6 February 2015
Housing is not a headwind to economic growth; rather it is an updraft with potential to destabilize.
How hot is housing? Before digging into dirt, dig into data (July 2014) pictured how housing investment and prices are still at historical highs, other than the big bubble. Housing is a story about micro-markets; housing type differences were highlighted in Two Tales of Housing (August 2014).
Too often pundits complain that “housing is a headwind” to economic growth and it is ready to rebound. What’s in the data?
Housing appears in GDP in Residential Private Fixed Investment. Today, investment pushes closer to historic highs.
A glance at history reveals three phases of housing described previously in How hot is housing? Before digging into dirt, dig into data (July 2014).
The Treacherous Triangle marks the dangerous waters of the credit/housing bubble.
As investment grew in each phase, housing was not just sheltering a growing population, but getting more luxurious and larger.
Differences in square feet in 1 unit housing structures compared to 2+ units were described in Two Tales of Housing (August 2014). Post-bubble, while 1 units generally increased, 2+ unit housing structures dipped before trending up again. In micro-markets, the size change has been accommodating fewer people per household, aging population and affordability.
Comparing total housing units to numbers of households or population is often said to indicate pent-up demand for housing units – regardless of spending and credit limitations. The ratio has been on a downtrend since the bubble burst. However, this ratio must be used with caution for several reasons.
- The discontinuity in 2000 is due to 2000 Census improvements made to the between-census estimates for 1991-1999. Thus, the 1990 data point could be viewed as roughly connecting to the 2000 data point.
- For household ratio denominators, the discontinuity in 2001 is due to a change in methods that increased number of households, thus reducing the ratio.
Of the three versions of the ratio, only Total Housing Units / All Households is below historical trends. Given that Total Housing Units / Civilian Noninstitutional Population is at 1984 levels (on a post-WWII climb to a peak in 1989) and that square feet per person is at an all-time high, it is possible that that the All Households version is more of a reflection of societal trend preference. This preference could change if either larger housing units become home to more multi-generation families or roommates, or it is constrained by house price and debt to finance that price. Of course, many of first-time buyers are burdened with historically unprecedented levels of student debt.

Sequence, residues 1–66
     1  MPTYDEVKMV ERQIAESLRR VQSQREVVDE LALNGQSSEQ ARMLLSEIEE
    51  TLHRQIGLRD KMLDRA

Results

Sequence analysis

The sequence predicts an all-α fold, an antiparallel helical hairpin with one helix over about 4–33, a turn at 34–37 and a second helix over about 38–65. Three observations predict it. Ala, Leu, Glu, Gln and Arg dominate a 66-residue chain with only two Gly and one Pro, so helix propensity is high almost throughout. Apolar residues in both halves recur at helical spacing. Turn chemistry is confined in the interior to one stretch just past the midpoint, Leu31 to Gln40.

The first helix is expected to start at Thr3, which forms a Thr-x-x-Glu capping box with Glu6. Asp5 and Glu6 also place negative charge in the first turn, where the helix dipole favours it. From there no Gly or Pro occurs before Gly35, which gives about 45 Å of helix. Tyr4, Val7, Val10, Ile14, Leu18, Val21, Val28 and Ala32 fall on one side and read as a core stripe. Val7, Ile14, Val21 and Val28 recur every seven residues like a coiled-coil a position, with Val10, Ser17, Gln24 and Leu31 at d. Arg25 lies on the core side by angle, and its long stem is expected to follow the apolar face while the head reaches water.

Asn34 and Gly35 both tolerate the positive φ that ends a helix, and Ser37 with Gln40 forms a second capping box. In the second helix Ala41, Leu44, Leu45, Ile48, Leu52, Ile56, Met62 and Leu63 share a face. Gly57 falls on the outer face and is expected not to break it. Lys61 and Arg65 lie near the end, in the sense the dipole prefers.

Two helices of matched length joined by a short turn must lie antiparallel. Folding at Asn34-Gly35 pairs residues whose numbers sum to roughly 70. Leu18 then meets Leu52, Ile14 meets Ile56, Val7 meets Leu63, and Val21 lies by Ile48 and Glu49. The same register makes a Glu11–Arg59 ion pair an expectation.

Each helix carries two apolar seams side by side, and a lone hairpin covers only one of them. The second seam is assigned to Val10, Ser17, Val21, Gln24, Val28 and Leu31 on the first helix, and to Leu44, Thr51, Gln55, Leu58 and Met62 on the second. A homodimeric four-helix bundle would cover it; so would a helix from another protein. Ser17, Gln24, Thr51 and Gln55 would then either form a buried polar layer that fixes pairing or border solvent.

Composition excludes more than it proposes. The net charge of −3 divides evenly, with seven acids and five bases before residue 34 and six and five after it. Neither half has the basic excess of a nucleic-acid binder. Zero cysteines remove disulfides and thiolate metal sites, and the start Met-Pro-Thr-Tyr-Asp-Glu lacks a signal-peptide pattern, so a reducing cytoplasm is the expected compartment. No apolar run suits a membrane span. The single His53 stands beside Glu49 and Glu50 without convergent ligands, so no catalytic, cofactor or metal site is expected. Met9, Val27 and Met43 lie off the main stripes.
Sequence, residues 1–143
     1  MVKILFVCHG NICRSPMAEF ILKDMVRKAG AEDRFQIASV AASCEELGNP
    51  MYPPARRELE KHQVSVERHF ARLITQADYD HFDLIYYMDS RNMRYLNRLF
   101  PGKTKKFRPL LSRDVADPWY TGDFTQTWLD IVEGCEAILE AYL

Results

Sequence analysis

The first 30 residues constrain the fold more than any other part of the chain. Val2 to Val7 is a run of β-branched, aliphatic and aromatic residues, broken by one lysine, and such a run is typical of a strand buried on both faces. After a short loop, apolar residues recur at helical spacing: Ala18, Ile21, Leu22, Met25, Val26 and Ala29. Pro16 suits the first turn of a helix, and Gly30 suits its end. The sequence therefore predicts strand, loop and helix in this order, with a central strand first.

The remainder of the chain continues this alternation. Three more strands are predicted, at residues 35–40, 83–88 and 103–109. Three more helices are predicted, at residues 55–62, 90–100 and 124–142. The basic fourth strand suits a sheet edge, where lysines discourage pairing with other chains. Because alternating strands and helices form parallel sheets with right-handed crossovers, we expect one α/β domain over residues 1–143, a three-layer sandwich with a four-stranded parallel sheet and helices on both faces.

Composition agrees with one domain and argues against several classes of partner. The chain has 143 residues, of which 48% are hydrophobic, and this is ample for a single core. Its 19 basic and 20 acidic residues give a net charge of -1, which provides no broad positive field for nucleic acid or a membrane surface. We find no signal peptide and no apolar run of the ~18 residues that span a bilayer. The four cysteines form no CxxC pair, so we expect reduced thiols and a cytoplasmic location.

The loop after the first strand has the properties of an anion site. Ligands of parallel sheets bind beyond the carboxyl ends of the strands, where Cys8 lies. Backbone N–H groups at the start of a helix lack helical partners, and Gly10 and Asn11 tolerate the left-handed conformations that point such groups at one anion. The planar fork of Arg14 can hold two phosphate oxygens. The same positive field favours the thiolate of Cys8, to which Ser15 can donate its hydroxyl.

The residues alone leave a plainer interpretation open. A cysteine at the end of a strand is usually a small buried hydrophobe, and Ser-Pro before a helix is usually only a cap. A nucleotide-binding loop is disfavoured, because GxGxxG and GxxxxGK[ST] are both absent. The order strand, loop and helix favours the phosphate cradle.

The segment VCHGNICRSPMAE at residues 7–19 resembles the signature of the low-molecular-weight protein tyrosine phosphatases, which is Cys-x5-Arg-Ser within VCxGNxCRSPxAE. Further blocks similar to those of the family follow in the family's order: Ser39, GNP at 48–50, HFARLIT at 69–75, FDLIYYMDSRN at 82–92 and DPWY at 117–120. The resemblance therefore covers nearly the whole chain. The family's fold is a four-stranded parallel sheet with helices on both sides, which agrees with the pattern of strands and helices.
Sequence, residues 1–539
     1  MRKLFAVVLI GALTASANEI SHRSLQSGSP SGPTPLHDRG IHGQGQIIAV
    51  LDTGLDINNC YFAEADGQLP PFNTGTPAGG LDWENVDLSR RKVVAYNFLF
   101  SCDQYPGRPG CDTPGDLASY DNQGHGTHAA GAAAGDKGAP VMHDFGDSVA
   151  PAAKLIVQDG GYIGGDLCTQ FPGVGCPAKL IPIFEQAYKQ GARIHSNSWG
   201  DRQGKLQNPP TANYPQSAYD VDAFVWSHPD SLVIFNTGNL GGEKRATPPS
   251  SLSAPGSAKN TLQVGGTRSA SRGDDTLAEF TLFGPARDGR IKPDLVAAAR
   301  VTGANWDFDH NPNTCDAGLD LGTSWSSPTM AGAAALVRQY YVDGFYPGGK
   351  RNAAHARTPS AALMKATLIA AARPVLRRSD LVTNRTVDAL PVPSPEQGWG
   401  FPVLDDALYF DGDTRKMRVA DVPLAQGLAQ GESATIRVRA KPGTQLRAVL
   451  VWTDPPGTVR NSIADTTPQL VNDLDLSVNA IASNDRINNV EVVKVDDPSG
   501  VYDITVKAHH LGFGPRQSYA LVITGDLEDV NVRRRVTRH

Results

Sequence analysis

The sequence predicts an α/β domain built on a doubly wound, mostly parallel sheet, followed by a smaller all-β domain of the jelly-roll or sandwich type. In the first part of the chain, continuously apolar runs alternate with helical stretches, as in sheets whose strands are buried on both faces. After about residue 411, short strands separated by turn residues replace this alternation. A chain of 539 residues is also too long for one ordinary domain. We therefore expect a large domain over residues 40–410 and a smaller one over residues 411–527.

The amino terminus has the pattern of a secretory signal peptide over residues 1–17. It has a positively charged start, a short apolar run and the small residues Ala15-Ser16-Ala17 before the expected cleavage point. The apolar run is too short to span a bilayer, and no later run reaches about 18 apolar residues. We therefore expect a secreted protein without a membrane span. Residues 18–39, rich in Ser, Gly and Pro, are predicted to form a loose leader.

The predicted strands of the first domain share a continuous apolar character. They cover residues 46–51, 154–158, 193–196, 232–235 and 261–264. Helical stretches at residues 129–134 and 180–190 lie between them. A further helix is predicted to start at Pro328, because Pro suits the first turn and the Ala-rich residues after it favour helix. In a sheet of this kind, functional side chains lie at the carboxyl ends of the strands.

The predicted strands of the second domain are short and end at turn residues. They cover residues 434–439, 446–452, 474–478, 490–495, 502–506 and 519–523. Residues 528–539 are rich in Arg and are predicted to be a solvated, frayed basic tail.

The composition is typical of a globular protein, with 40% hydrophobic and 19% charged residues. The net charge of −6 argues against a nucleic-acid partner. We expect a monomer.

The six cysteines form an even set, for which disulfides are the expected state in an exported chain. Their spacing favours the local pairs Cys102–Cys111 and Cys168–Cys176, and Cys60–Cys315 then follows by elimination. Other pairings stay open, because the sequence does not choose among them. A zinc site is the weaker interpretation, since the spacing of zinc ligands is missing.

The good news of Federal Open Market Committee (FOMC) policy to drive up housing prices is that it provides a “wealth effect” for homeowners, real cash for home sellers (especially liked by retirees and others facing low interest rates on savings) and inflation to help achieve the FOMC’s 2% target.
The bad news is higher prices for buyers. Instead of falling toward historical levels, the price index is climbing. Today, the index is at 2001 levels, far above what the Reagan Administration considered a problem in the early 1980s.
The need for affordability helps explain why construction of 5+ unit housing structures is at a high equaling 1989 as described in Two Tales of Housing (August 2014) and rentals vacancy rates are dropping. Since 2004 – before the bubble burst – owner occupied housing units have decreased by over 6% and renter occupied housing units have increased by nearly 15%.
The gathering storm pits government policy for affordability against government policy for wealth effect, investment, GDP, inflation, real estate jobs and bank credit quality regulation. Until price increases move down toward historical levels, policy options for affordability are largely limited to subsidies and making debt easier (such as lower credit requirements with more credit losses, or lower monthly payments). Managing these conflicting policy objectives and distortions is at least tricky if not destabilizing.
This is why housing is not a headwind. It is also not a tailwind taking housing faster forward at stable price levels as prior to 1996. It is more like an updraft with the potential for turbulence going up and, maybe worse, coming down.